Crafting Great Business Definitions: Common Pitfalls

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Click to learn more about author Ronald G. Ross.

In this second post of a four-part series about crafting great business definitions, I will identify common pitfalls in creating definitions. I will explain how to detect when a definition is data-ish, how to avoid circular definitions, and what the difference is between a definition and a description. Read Part One here.

Data-ish Definitions

Definitions with overt or subtle IT or data bias are a curse for effective business communication. Good business definitions are oriented to what words mean when used by real business people talking directly about real business things. Definitions pertain to data only if the thing under consideration is a data thing.

Suppose someone defines an organization as: a data type for a body of people organized for a particular purpose.

In the real world, an organization is not a data type! It’s a group of people.

A better definition for the real-world concept of an organization would be: a body of people formed for a particular purpose.

By the way, the faulty definition above is a real example from industry standards work(!).

Digging Deeper: Perhaps the standards group was defining fields in a data design. Then missing from the definition is context.

Organization [data store]: a data type for a body of people organized for a particular purpose.

If you’re defining data, say you are defining data!

Circular Definitions

Definitions should never be circular. Circular definitions provide little or no concept clarity. Example:

Cordless phone: a phone that has no cord

This definition is circular because it includes the word cord. Does the definition actually tell you anything? No! Here’s an improved definition.

Cordless phone: a phone whose handset uses radio signals rather than electrical signals through a wire to communicate with a base.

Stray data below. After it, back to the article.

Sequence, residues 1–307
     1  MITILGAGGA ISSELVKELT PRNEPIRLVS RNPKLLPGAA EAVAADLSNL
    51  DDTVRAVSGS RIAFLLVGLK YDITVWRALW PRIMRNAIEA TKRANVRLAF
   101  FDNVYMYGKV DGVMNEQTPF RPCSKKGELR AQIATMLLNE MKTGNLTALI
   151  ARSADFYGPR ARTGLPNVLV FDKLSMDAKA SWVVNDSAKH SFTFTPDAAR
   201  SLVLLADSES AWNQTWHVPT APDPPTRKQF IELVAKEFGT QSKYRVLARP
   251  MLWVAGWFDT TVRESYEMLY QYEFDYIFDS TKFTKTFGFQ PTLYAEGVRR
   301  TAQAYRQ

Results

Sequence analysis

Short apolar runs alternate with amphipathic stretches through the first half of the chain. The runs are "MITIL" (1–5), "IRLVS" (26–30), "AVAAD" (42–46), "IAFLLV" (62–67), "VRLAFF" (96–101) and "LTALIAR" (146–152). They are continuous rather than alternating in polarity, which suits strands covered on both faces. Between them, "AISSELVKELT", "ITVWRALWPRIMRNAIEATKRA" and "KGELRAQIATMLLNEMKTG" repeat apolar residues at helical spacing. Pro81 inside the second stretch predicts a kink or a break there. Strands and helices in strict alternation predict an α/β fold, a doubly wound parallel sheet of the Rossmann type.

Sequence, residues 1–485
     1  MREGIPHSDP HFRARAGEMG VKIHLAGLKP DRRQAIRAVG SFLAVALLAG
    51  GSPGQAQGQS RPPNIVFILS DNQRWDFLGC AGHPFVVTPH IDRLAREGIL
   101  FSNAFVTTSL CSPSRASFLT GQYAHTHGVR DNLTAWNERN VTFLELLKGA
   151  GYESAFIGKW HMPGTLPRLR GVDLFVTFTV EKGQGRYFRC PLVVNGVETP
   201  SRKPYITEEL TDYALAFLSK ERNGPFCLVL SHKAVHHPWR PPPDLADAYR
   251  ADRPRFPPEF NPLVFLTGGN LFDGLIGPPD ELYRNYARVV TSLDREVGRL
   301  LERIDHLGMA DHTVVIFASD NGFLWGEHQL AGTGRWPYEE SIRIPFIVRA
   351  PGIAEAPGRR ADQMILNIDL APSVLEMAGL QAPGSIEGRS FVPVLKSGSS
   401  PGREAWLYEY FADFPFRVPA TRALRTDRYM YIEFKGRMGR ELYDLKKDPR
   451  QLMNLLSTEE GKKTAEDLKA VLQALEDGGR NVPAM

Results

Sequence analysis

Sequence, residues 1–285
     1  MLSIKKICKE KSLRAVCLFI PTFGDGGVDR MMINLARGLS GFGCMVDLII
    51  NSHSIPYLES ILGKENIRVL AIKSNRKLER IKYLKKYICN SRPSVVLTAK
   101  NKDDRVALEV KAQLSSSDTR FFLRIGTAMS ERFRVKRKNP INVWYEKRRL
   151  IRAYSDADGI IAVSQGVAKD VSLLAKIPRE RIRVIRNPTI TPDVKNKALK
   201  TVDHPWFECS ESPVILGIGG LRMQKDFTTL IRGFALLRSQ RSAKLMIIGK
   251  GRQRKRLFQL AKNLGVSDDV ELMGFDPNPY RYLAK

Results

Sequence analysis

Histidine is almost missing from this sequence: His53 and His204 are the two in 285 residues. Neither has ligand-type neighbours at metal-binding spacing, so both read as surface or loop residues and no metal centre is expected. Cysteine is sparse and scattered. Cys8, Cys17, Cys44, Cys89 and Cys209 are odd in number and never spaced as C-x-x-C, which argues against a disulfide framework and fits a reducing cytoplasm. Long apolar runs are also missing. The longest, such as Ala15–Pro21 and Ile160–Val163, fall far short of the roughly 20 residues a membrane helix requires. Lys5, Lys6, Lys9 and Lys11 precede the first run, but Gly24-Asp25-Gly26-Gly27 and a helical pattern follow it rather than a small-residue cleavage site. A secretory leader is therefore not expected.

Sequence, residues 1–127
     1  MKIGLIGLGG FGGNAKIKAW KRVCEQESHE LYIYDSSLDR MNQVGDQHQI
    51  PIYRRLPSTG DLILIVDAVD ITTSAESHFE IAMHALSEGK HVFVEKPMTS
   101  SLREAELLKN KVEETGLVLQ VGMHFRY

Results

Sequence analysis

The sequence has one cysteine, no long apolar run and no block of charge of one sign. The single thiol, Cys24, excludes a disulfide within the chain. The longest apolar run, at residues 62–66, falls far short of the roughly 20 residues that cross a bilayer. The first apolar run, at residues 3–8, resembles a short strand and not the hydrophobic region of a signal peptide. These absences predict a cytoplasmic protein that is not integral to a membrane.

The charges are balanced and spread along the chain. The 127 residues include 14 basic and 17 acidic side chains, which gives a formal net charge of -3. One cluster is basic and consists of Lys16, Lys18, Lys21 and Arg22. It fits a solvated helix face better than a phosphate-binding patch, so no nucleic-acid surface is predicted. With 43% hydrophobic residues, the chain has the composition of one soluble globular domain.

Digging Deeper: A more subtle form of circularity is the use of the verb form for the term being defined. For example, the faulty definition of organization above includes the word organized, merely a verb form of the term. Not good.

Definitions vs. Descriptions

If a concept is adequately defined, it has been differentiated from all other concepts in scope, especially ones close in kind. What its instances can and can’t be is also clear.

Providing a definition doesn’t necessarily mean you will understand how an instance acts, looks, or feels. For example, a cat is warm and fuzzy. That’s simply a description. It doesn’t distinguish cats from dogs or panda bears.

Imagine you are a witness to a crime. The police would ask you for a description of the suspect. In response, you would tell them what the suspect looked like, how they acted, whether they had an accent or tattoos or other visible marks, and anything else that would help the police with an image of the person sought. Descriptions add details that help you form a mental image. The police would not ask you for a definition of the suspect(!).

A description creates a verbal portrait of something. Its purpose is to convey a mental image, an impression, or a better understanding. A description complements a definition but cannot substitute for it.

Digging Deeper: The suspect in a crime is an individual. In general, you should never try to define real-world individuals — whether people (e.g., William Shakespeare), places (e.g., The Eiffel Tower), things (e.g., the planet Mars), or organizations (e.g., American Red Cross). That’s a recipe for trouble. Imagine the difficulties you’d get into, for example, if you defined William Shakespeare as the person who wrote Hamlet. Then research discovers that William Shakespeare actually did not write Hamlet. Bad day! The person called William Shakespeare is still William Shakespeare, but your definition actually talks about (misclassifies) someone else. [1] So, describe real-world individuals all you like, but don’t define them.

Important exception: You do need to define individual things that do not correspond to anything in the real world — e.g., Santa Claus. Unfortunately, such notions are only in your mind (and the universe of discourse). Be prepared — business knowledge typically includes more such things than you might expect.

Extracted from Business Knowledge Blueprints: Enabling Your Data to Speak the Language of the Business, by Ronald G. Ross, 2020.


[1] The Stuff of Thought, by Steven Pinker, Viking, 2007, pp. 9-11

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